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Erik Joris - Beerse




by Stefan Mertens






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Beerse: Limoges National is the first long distance race of the season 2017 and the winner is the 2-year old hen "Lotte" (B15-6283779) from long distance racer Erik Joris, Beerse. Clocked on one of the longest distances (694km) she got a speed of 1,329.32 m/m. This chequered hen won against the pigeons from Luypaert Vanessa (Beigem – 1,319.77 m/m) and Verbist Patrick (Langdorp – 1,311.21 m/m).


Explaining that Erik is one of the most happy fanciers of Belgium is not necessary. 'Who would have ever thought that I would win a national race', he starts his story, 'and then on Limoges…you need to know that I'm an extreme long distance racer and that Limoges isn't marked on my calendar as one of the highlights of the season.

I started off the season with 40 old cocks, 20 old hens, 20 year cocks and 20 year hens. The racing team is being raced without an exception on widowhood (partner stays home). The year bird hens are only being raced to gather the necessary experience, so you can really say that my focus is totally on the extreme long distance races with the old pigeons.


I grew into the pigeon sport end of the seventies. My father, Alfons, was a fancier and seen he worked in shifts, I helped him out taking care of the pigeons. Bit by bit I was caught by the 'pigeon germ'. Father was a middle distance racer who didn't have to be ashamed of his results and as a challenge he dared to basket one for Limoges.

End of the nineties a German fancier came and bought some pigeons from my father. And as thanks he brought 2 pigeons of his own…"Van Wanrooy Tauben" he said…and I could keep them from my father but I had to test them on the races. One of the two… "De kleine zwarten"… survived the yearly selection and when he performed well on his first marathon race out of Biarritz, he enlightened my love for the extreme long distance game.

In 2005, I invested a first time in extreme long distance pigeons from François Struyf. He didn't only give me good pigeons but also loads of good advice. I got ill in 2011 and I got some help from Anthony Wijninckx. Anthony also brought a huge part of his pigeons and these formed together with the Struyf pigeons the ideal marathon mixtures that are showing off at this moment.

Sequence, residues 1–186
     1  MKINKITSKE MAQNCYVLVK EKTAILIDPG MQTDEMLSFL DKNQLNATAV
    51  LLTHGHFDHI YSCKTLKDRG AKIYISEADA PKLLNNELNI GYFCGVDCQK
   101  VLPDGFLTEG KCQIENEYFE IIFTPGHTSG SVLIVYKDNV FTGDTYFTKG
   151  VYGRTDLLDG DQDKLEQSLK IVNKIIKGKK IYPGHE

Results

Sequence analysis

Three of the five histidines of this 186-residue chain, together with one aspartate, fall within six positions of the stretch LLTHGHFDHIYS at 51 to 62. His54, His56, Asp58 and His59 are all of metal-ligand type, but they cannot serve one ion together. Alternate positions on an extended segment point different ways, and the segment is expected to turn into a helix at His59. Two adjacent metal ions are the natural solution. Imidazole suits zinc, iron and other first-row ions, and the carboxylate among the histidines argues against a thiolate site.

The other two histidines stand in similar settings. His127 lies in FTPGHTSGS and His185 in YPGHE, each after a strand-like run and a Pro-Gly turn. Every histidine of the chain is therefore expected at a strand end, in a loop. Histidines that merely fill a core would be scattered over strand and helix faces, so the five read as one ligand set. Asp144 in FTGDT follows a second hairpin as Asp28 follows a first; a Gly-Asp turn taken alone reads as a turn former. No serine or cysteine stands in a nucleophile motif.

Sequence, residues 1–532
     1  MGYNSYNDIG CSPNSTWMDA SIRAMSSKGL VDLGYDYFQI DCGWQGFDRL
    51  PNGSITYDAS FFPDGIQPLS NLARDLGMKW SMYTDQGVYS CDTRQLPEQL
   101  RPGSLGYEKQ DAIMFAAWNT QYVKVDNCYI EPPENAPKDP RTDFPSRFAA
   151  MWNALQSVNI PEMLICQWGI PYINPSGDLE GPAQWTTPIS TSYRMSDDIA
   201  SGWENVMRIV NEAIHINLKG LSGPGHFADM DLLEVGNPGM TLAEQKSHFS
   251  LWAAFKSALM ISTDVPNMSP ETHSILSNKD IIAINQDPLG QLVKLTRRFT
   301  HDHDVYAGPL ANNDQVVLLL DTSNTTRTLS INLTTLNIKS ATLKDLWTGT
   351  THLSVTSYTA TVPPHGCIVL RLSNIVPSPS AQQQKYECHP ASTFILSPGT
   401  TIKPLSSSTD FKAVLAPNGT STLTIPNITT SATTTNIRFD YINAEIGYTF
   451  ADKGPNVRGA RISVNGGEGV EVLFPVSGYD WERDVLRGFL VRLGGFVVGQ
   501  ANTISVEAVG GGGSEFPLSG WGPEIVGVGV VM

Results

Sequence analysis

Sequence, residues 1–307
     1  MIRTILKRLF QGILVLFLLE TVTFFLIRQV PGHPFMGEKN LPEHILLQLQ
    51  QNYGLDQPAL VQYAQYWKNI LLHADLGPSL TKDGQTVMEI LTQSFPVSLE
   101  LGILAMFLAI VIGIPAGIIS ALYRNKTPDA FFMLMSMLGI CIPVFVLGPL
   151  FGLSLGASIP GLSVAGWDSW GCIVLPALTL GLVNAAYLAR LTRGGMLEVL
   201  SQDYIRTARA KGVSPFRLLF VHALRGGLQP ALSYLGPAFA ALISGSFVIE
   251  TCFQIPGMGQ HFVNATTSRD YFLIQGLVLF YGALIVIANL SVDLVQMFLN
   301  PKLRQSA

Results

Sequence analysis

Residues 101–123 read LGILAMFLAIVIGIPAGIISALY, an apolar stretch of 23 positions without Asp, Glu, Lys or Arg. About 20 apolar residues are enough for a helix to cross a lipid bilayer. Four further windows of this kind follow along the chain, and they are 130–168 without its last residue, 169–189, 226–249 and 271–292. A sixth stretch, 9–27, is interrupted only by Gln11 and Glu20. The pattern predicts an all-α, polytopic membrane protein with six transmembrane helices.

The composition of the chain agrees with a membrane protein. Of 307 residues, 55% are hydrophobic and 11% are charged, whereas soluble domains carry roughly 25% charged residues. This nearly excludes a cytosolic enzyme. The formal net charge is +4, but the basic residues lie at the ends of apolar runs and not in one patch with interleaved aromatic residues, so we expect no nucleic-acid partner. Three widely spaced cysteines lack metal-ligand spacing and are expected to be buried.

There's a moulting mixture on their menu as a base mixture. I buy 3 different brands Beyers (through Wim Ceusters), Natural and Van Tilburg. I do add a big amount of barley so that there will be about 10% of barley in my base mixture. The last three days before basketing I use 50% moulting – 50% race enriched with extra corn, pealed sunflower seeds and fat holding seeds.
I visited already twice the guy with the white smock but both times everything was OK, so I could leave the medicine cupboard closed.


"Lotte" was coupled just like the other hens in February. She could breed for about 5 days and then the widowhood was a fact. Once the season starts off, the hens are being placed in a 'resting-loft' during the week…the cocks are on the loft where they had a nest together. When the hens train, the cocks move to the 'resting-loft' and after the training the hens can go to the loft where they had their nest. They eat and drink over there and when all of them are fulfilled, they go back to the 'resting-loft' and the cocks can go back to their boxes.

The lofts are in the garden of my parental home. I live a few meters further. When I release the pigeons for their training I can keep an eye on them from my house and when I notice that they're getting down, I go back to the loft to call them in. I must say that my hens did train really hard the last few weeks. There was a real 'schwung' in the group and it wasn't exceptional that they trained for about 1,5h. Also the week before Limoges there was a lot of 'power' in the hen's team. When I called them in this week the national winner was missing. After looking around I found her on the loft of the year bird cocks. I left an entrance open on this loft and 'Lotte' noticed that. When I found her, she was showing off in the hallway of the year bird cocks. Thinking about this afterwards, this must have been her motivation to get the national victory out of Limoges.

Whether I saw her arrival? Yes…luckily I did…friends told me that we had to clock around 17h. The clock was only at 16h42 when I saw pigeon falling out of the sky as an arrow. I missed a few pigeons from the former race but a latecomer doesn't come home with this much 'grinta'. I kept calm as I'm not a fancier who follows everything up-close on the internet and I was already pleased that I had the first record of the "Kempische Fondclub", but shortly afterwards the phone kept ringing with congratulations for my national victory. I really was perplext !

Stefan Mertens

































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